A person on probation or parole has the opportunity to be home with family and go to work in lieu of being incarcerated, but while on probation or parole, a person has to walk a fine line. Technical violations such as missing an appointment with a probation officer,providing a positive drug screen, or absconding from supervision, can cause major issues for a person on probation or parole. Getting arrested while on probation or parole will cause more issues yet.
There are also major differences as to how a case will proceed depending on whether a person is on county probation or parole or state probation or parole. If a person picks up a new arrest while on county probation for example, it can be expected in most instances that the probation department will lodge a "detainer" on the person being supervised, and will take him or her into custody pending a violation of probation (VOP) hearing before the "back" judge (the judge who sentenced the person on probation). If a person is convicted of new criminal charges while on state parole for example, her or she will be considered a convicted parole violator and will be subject to potential harsh consequences from the Pennsylvania Parole Board.
Life can be difficult, and people make mistakes. As such, there are many instances when people being supervised on probation or parole will be subject to probation violation or parole revocation proceedings. Because so much is at stake, including a person's freedom, people on probation or parole often are concerned about what kind of time they may face if they violate their supervision. Understanding what can happen when probation or parole is revoked can help a person understand the prospective path ahead.
Can I be detained if I violate my county probation?
If a person is accused of violating his or her county probation, a Gagnon I hearing will be scheduled. Defendants and their families often ask, "What is a Gagnon I hearing?" Because a defendant will be detained (in custody) at the time of the Gagnon I hearing, the hearing itself is intended to provide due process to the defendant who is accused of violating his or her probation. At the Gagnon I hearing, the court will hold a hearing to determine whether the person accused of violating his or her probation should be held in custody while waiting to see the defendant's (back) judge, or waiting to have a full hearing with the judge. The subsequent hearing before the defendant's back judge is known as the Gagnon II hearing, or the violation of probation (VOP) hearing.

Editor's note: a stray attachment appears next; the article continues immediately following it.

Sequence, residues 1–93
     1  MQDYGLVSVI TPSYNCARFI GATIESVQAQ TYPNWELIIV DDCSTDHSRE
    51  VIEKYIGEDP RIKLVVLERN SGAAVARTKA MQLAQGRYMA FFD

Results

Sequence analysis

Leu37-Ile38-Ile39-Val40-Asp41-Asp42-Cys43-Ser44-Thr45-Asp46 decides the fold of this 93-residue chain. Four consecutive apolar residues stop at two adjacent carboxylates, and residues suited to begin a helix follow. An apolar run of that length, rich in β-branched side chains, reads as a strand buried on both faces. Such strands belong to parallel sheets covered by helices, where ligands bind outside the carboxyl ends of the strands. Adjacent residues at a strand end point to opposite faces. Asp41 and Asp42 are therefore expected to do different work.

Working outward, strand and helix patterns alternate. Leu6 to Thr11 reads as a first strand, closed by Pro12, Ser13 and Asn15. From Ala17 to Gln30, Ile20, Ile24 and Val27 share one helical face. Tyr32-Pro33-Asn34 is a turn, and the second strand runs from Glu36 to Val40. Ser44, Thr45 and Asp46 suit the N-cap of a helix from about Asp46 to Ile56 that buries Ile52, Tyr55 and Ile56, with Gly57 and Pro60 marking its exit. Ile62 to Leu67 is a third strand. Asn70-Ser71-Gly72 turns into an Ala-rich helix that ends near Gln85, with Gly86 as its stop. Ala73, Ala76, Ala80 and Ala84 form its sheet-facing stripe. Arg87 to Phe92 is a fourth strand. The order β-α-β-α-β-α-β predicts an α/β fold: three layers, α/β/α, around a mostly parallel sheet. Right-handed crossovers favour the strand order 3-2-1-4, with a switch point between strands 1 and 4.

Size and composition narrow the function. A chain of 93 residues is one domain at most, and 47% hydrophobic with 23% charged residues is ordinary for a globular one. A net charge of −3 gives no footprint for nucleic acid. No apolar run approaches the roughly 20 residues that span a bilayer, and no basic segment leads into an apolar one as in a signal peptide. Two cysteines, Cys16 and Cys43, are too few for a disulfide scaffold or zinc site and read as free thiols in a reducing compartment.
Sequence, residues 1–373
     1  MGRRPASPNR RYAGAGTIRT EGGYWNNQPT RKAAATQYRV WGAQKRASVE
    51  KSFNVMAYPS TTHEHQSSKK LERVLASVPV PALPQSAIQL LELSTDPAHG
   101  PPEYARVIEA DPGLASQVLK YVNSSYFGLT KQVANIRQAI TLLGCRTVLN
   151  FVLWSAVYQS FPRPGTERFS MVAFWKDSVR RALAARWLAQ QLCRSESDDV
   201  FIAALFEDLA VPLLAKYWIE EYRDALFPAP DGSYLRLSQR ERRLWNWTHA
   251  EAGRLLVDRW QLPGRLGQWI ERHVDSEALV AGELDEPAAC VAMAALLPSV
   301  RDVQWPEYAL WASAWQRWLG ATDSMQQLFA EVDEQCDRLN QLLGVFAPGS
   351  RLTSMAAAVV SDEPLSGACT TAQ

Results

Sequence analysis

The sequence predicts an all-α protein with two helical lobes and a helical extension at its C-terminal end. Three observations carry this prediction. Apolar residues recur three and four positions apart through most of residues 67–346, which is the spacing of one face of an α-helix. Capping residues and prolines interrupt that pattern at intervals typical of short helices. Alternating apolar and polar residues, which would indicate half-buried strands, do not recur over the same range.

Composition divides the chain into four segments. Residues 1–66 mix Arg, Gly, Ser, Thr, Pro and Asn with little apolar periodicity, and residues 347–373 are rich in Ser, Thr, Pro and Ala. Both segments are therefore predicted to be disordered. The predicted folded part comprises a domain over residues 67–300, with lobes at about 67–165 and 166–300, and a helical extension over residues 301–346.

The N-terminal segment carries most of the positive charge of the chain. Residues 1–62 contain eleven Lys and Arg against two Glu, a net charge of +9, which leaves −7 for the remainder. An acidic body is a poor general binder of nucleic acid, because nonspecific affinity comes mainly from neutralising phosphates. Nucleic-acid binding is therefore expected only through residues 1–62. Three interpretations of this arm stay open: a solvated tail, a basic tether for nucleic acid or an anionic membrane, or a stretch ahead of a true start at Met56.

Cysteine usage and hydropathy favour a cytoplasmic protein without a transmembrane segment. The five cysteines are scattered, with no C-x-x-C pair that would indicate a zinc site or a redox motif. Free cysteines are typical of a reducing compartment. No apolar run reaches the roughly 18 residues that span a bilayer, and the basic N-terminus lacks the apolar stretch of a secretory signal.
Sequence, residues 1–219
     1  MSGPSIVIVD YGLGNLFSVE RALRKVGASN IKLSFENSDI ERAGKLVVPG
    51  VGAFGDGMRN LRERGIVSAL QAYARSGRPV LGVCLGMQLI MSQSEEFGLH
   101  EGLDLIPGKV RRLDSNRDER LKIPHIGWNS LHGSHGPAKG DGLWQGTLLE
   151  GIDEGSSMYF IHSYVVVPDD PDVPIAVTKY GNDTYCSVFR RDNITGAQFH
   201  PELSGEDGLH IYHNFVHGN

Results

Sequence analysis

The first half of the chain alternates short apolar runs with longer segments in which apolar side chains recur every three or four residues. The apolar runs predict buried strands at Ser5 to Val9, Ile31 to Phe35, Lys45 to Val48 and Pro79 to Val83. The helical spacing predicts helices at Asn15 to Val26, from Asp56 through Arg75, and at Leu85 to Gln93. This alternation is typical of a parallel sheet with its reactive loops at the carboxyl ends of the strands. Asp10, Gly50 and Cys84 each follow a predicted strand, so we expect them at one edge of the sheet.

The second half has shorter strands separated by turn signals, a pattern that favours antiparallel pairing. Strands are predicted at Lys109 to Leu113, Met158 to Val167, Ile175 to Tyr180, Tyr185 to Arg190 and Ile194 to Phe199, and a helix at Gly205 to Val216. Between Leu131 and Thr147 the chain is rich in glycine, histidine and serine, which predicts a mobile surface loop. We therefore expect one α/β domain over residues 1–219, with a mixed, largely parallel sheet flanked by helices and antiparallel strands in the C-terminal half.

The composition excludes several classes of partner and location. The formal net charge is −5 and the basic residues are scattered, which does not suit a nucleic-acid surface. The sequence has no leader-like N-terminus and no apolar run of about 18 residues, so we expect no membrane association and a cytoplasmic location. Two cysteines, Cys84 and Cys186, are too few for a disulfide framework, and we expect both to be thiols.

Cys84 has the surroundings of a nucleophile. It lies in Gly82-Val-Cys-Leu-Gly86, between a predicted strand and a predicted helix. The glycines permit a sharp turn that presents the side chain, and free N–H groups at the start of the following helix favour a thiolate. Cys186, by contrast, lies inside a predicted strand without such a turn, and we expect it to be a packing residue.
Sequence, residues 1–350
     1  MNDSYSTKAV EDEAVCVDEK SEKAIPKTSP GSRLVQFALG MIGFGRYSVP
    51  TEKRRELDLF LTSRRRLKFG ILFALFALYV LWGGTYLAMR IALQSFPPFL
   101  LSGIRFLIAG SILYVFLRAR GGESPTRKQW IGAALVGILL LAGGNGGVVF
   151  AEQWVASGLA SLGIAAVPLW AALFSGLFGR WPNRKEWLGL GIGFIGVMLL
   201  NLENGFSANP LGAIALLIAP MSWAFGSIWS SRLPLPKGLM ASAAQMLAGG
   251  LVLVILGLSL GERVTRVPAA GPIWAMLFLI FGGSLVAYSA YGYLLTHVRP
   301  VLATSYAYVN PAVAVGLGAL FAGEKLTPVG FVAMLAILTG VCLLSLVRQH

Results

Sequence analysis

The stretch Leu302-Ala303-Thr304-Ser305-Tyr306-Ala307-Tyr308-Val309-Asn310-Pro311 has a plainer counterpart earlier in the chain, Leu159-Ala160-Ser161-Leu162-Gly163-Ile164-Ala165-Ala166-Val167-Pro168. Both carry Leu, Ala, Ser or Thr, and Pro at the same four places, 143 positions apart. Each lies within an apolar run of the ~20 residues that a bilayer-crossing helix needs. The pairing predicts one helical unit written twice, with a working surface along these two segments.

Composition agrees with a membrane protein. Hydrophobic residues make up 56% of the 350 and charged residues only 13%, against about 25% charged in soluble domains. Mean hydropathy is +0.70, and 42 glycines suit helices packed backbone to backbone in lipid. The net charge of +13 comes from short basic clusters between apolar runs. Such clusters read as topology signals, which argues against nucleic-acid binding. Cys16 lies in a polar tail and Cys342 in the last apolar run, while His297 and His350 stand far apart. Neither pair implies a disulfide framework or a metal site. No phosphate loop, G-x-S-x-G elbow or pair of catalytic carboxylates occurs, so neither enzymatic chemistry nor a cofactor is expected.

Whether a defendant is released from jail at the Gagnon I hearing or is ordered to remain in custody pending a Gagnon II hearing (which is usually the case unless it can be demonstrated to the court that there are sufficient reasons for the person to be released from custody), a related question that families ask is, "What will take place at a Gagnon II hearing?" At the Gagnon II hearing, the defendant's back judge will make a determination based on the testimony, evidence, and argument presented by both the Commonwealth of Pennsylvania and the defendant's attorney, as to whether the defendant is fact violated his or her probation.
What can happen if my county probation is revoked? Can I go to jail?
If the court determines that the defendant violated his or her probation, the court can revoke the defendant's probation. When probation is revoked, a defendant can face serious consequences because the court, with several exceptions, is free to impose any sentence or to make any disposition which it could have originally imposed, including suspension of sentence, continued probation, or imprisonment.
What can happen if my county parole is revoked? Can I go to jail?
A county parole violation permits the court to revoke parole and recommit the defendant to jail for a period of time not exceeding the maximum term under which the defendant was originally sentenced. The court may not increase the sentence upon revocation of parole and therefore cannot make two concurrent sentences consecutive after revocation.
When can I be paroled if I violate my county parole?
When a defendant is once again committed to prison following revocation of county parole, the defendant is again eligible for parole at any time. There are no guidelines for when a defendant on county parole may be re-paroled following a county parole revocation.
A Concurrent County Probation Sentence Must Remain a Concurrent Sentence if Probation is Violated
When a defendant pleaded guilty pursuant to a plea bargain in which the defendant was to receive a sentence concurrent with a sentence already imposed, and the defendant received a probationary sentence which he or she subsequently violated, in sentencing on the violation, the court is required to impose a concurrent sentence.
What will happen if I violate my Pennsylvania State Parole?